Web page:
BASE (also B.A.S.E.) jumping is a sport in which people jump from stationary objects with the use of a parachute.It is an acronym for building, antenna, span and Earth – the four categories of objects that can serve as platforms for a jump. Those who make at least one jump from each of these four categories are awarded BASE numbers.

The term was coined by Carl Boenish, a filmmaker, his wife and friends.

The sport is evolved from skydiving although the jumps are made from a significantly lower altitude. In addition, the jumps occur close to the platform from which the jump is made.

As a result of the lower altitude, BASE jumps involve slower airspeeds than skydiving so terminal velocity is not always obtained by the jumper. For example, a jumper falls at around 55m/s (190km/h, 12 mph) from an altitude of 600m (2,000 feet) with a minimum 300m (1,000 feet) freefall.

The jumper is around 10.9 seconds from the ground and most of these jumps are made from less than 600m. To compare this to skydiving, a skydiver parachutes for around 3 minutes after deploying his parachute while a BASE jump from 150m (500 feet) is only a 10-15 second parachute ride since the jumper is only about 5.6 seconds from the ground when remaining in free fall. Bridge Day takes place annual on the third Saturday in October with permission granted for BASE jumps to take place the New River Gorge Bridge in Fayetteville, West Virginia. The deck of this bridge stands at 297m (876 feet) above the river’s surface. Approximately 450 BASE jumpers and 200,000 viewers attend this event each year. Weather permitting, over 1,100 jumps can take place in the six hour window in which this bridge is legally opened for jumps. Skydivers who are novice BASE jumpers typically jump from this fixed object alone.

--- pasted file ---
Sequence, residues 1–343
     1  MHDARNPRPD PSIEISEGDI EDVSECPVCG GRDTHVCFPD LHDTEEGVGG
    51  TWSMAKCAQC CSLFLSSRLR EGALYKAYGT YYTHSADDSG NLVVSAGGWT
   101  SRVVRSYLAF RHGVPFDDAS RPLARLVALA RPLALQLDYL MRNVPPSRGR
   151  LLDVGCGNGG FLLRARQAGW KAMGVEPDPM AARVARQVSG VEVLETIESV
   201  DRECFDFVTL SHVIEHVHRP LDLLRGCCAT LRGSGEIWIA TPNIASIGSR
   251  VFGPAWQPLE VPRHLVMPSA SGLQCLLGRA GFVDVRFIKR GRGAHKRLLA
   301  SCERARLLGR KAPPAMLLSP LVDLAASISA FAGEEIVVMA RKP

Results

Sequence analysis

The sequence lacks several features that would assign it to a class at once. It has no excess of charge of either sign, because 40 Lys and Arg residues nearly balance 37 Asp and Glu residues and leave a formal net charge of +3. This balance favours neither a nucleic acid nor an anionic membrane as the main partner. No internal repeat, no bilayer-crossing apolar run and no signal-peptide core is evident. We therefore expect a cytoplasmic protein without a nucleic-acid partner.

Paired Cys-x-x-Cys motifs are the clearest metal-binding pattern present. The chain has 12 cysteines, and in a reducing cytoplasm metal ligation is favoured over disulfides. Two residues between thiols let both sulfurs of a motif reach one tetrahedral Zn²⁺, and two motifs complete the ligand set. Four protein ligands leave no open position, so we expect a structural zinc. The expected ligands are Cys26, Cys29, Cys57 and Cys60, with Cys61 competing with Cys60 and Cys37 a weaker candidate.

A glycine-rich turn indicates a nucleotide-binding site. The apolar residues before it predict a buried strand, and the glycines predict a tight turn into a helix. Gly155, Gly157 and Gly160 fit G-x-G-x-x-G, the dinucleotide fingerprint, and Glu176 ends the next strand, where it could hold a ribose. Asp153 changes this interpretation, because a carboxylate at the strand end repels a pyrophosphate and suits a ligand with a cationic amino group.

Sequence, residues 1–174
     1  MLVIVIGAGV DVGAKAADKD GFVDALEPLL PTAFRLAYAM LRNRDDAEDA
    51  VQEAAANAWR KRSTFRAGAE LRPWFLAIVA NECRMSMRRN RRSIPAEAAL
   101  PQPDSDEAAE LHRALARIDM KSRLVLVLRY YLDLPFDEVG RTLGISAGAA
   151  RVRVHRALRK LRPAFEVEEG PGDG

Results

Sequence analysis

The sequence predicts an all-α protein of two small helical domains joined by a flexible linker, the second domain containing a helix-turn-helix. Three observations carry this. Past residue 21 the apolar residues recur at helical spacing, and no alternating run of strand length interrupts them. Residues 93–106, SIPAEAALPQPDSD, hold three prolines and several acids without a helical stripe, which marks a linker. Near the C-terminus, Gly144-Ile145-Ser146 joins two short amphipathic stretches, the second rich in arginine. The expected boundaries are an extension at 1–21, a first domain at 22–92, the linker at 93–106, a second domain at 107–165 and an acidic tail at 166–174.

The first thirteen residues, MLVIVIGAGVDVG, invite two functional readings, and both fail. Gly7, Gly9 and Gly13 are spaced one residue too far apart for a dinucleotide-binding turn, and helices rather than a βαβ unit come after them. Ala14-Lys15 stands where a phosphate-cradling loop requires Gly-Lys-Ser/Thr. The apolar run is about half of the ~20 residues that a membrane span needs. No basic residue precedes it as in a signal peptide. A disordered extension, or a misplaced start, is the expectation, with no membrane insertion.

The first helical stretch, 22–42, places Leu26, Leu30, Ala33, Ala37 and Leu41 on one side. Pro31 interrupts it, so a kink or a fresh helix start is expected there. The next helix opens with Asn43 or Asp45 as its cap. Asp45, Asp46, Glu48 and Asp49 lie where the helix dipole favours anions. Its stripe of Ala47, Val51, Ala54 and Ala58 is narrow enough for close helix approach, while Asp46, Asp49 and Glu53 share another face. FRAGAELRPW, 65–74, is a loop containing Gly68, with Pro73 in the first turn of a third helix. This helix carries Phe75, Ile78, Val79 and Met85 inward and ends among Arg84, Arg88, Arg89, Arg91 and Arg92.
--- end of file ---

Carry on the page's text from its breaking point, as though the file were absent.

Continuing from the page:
Another type of jump is the jump from tall structures while attached to an elastic cord of bungee jumping. The jump is usually made from a fixed object although. It is also possible to be done from helicopters or similar objects that are able to hover while the jump is made. Many jumpers still use the factory-made braided shock elastic cord that has been used since bungee jumping was first popularized. The cord is made of numerous pieces of latex that are encased in a thick cover for added strength and durability. The latex is often pre-stressed when this cover is applied as this ensure that the cord is resistant to extension when it is at it’s full, extended length and under pressure. This also serves to provide a sharper bounce when the cord retraces and makes the cord significantly more durable. South-hemisphere operators like A.J. Hackett use cords that are not braided and have visible strands of latex as they can be made at home and provide a lengthened and softer bounce in contrast to the sharper bounce. Since 1980, there are been several million jumps that have been successful and the safety records of operators is the results of strict standards and guidelines for operating jumps. These include confirming fittings and calculations for every single jump that is made as no two jumps are the same. However, accidents do occur in bungee jumping just like in any sport and there have been some injuries and deaths. Fatalities are usually the result of cords that are too long; it is essential that the cord can be shorter than the height of the platform as room is needed for its extension in the jump.  Tension is required in the cord, which increases as the rope stretches. With the downward acceleration and weight of the jumper, the cord eventually reaches a point where the tension of the cord is greater than that of the jumper’s combined weight and acceleration. This is what enables the cord to retract and cause the “bounce” that brings the jumper upward and away from harm.